I’m working on a project this year to build a competitive programming FAQ. This is one in a series of articles describing the research, writing, and tool creation process. To read the whole series, see my CPFAQ category page.
In recent weeks, I have been experimenting with ways to collect Quora questions, especially those that don’t appear in standard views like search engine results and the All Questions page. But I also want to make sure that the questions I collect from alternative sources are relevant, since I eventually need to manually evaluate the best questions for a FAQ. Last week I started filtering on the Competitive Programming topic tag, but I realized that this can filter out relevant questions. To see why that is, I’m investigating how Quora topics work.
To categorize questions and help users find them, Quora allows questions to be tagged with one or more topics. When tagging questions, users can select existing topics or create new topics. A bot called the Quora Topic Bot also tags questions.
Each Quora topic is associated with a set of pages of the form
www.quora.com/ topic /[TopicName]/ [PageType], where
PageType can be:
read: The topic home page, which contains a feed of questions related to that topic.
all_questions: A list of all questions tagged with that topic. For large topics, the page uses “infinite scroll,” and you may never actually see all of the questions.
followers: The Quora users who follow the topic.
log: The edits that have been made to the topic itself.
writers: The most viewed writers in the topic.
faq: Up to 10 frequently asked questions for the topic.
links: A new Quora feature that isn’t used much yet.
top_questions: A view intended to help users find questions to answer.
Most of these topic page types contains these common elements, which can be extracted from the page HTML using XPath:
- The topic title,
- Statistics about the number of questions, followers, and edits,
- A list of related topics (which requires a more complex XPath expression to extract).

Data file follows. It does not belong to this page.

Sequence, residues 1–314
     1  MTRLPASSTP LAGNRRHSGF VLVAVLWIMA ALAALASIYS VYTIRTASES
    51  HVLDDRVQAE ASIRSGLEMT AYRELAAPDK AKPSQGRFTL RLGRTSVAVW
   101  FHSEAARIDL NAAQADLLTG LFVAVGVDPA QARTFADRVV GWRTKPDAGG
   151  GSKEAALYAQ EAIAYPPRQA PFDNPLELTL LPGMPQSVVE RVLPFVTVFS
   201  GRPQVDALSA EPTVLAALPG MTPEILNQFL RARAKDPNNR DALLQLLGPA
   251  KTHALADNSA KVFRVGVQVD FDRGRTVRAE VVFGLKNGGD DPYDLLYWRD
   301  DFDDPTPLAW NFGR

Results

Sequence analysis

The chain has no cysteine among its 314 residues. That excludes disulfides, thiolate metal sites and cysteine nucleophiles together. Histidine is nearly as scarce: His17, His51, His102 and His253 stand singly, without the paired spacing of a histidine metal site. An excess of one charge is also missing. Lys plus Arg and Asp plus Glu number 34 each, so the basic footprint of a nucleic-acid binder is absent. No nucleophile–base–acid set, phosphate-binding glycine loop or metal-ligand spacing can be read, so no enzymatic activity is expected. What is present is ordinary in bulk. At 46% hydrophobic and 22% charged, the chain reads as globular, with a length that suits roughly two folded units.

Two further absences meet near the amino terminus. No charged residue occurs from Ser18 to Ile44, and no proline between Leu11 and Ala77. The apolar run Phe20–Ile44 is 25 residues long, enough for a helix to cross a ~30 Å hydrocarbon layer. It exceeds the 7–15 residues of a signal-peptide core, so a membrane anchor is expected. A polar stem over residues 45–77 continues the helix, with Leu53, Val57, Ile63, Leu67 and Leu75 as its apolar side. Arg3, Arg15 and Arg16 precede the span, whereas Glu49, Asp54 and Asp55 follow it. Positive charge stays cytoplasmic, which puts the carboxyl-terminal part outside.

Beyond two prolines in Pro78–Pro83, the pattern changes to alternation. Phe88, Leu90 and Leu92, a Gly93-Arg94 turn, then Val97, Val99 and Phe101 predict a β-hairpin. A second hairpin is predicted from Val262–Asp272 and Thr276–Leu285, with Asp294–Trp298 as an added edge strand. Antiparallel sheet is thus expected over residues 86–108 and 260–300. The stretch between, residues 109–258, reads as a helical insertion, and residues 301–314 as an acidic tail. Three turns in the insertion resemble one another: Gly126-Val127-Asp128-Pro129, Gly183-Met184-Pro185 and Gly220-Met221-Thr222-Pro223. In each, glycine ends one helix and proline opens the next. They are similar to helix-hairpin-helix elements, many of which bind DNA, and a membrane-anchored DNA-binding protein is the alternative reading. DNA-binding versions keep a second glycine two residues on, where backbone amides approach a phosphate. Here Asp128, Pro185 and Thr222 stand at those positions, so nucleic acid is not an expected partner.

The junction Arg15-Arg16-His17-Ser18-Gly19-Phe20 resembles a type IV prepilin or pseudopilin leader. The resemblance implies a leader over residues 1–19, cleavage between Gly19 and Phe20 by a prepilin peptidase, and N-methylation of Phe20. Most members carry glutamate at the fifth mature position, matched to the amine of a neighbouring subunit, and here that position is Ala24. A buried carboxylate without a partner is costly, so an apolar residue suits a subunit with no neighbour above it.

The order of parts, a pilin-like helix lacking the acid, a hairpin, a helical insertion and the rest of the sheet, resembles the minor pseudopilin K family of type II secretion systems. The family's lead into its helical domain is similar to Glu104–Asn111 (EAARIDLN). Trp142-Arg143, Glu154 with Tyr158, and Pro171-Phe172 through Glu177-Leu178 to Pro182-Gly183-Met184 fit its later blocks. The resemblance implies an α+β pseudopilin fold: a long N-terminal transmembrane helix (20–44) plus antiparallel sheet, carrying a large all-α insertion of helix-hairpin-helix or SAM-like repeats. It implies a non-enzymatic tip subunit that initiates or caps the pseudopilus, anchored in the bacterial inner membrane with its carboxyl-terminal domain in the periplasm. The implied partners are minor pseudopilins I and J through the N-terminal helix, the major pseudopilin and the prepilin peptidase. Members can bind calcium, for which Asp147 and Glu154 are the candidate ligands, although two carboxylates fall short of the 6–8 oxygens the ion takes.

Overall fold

Some of the topic pages types also contain a list of questions. My eventual goal in analyzing the topic page is to collect and organize these questions.
Just as the question page has a list of related questions, the topic page has a list of related topics. And just as we can use related questions to expand a small question list into a larger list, we can expand a small topic list in the same way. Since topic pages contain question lists, this can lead to more questions, which can lead to more topics, and so on.
The problem with recursively collecting related questions and topics is that it’s easy to collect a large number of irrelevant questions. However, the number of Quora topics is small compared to the number of Quora questions. So I’m starting to manually curate relevant topics, which I’ll then use to filter my question list.
As a first step, I extracted all of the unique topics from last week’s list of 5900 questions, and manually filtered them. Out of about 7000 topics, I decided that only about 150 were relevant for this project. Here is some trivia about that list of topics:
- Competitive Programming is by far the most popular topic in the list, with over 20k questions and over 290k followers.
- The next most popular topics are TopCoder (>4k questions, >128k followers), CodeChef (>4k questions, >134k followers), and Algorithms in Competitive Programming (>3k questions, >1k followers).
- There are a lot of creative ways to spell Competitive Programming, including Competitive Progarmming, Competive Programm, Compettive Programming, Compitative Programmin, and Compitative Programming (these are all actual topic names, which I’ll get around to merging soon).
- There are even more correctly-spelled topics that are so close to the main topic that it’s debatable whether it really makes sense to maintain them as separate topics. For example, do we really need Coding Competition, Competitive Coding, and Programming Competitions, in addition to the main topic?
Starting with my initial list of 150 topics, I’ll recursively collect the set of unique related topics and see if they converge to a reasonable list. If they do, that will become my official list of topics for the Quora portion of this research project. If they don’t, I’ll stop after a few iterations and manually filter the list. Either way, I’ll start using that list to collect and filter questions.